hand, he laid his right upon the shoulder of a young woman, whom he thus drew forward until, on the threshold of the prison-door, she repelled him, by an action marked with natural dignity and force of character, and stepped into the open air, as if by her own free-will. She bore in her arms a child, a baby of some three months old, who winked and turned aside its little face from the too vivid light of day; because its existence, heretofore, had brought it acquainted only with the gray twilight of a dungeon, or other darksome apartment of the prison.
When the young woman—the mother of this child—stood fully revealed before the crowd, it seemed to be her first impulse to clasp the infant closely to her bosom; not so much by an impulse of motherly affection, as that she might thereby conceal a certain token, which was wrought or fastened into her dress. In a moment, however, wisely judging that one token of her shame would but poorly serve to hide another, she took the baby on her arm, and, with a burning blush, and yet a haughty smile, and a glance that would not be abashed, looked around at her townspeople and neighbours. On the breast of her gown, in fine red cloth, surrounded with an elaborate embroidery and fantastic flourishes of gold thread, appeared the letter A. It was so artistically done, and with so much fertility and gorgeous luxuriance of fancy, that it had all the effect of a last and fitting decoration to the apparel which she wore; and which was of a splendor in accordance with the taste of the age, but greatly beyond what was allowed by the sumptuary regulations of the colony.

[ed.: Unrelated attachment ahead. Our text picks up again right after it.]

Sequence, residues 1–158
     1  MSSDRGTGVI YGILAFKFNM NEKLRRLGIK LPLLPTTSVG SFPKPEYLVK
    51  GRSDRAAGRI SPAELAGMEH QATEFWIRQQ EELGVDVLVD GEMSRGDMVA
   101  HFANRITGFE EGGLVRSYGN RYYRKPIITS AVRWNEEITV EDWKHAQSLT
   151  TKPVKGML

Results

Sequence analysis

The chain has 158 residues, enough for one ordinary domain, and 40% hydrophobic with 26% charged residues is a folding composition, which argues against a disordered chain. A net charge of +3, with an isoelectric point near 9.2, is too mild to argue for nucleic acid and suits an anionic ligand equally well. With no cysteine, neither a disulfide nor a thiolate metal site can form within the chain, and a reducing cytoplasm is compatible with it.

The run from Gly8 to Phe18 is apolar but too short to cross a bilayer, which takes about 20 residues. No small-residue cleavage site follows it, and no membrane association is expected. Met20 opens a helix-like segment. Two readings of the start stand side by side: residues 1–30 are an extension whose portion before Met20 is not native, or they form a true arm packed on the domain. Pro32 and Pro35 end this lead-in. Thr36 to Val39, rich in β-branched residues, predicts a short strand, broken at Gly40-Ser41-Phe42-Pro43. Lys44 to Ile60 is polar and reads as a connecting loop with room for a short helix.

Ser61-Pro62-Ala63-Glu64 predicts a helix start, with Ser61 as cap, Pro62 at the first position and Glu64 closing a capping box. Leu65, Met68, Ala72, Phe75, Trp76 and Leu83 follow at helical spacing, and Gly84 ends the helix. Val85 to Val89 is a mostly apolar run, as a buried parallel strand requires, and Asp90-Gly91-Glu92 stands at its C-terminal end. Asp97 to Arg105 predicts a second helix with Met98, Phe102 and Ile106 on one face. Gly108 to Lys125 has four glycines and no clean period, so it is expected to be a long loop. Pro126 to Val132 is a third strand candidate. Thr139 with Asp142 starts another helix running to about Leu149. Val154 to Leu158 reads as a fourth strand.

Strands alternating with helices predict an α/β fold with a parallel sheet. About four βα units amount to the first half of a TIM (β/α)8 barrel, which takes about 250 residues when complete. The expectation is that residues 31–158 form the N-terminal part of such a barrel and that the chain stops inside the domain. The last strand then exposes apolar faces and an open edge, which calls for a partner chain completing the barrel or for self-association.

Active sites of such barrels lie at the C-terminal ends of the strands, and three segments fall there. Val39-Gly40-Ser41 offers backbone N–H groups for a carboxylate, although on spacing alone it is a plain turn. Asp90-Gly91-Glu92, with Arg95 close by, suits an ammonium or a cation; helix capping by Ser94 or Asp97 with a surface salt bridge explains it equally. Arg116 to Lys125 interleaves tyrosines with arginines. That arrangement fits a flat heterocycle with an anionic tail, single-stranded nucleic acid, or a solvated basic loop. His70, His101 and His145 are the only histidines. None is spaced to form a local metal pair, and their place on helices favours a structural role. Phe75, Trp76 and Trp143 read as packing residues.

The young woman was tall, with a figure of perfect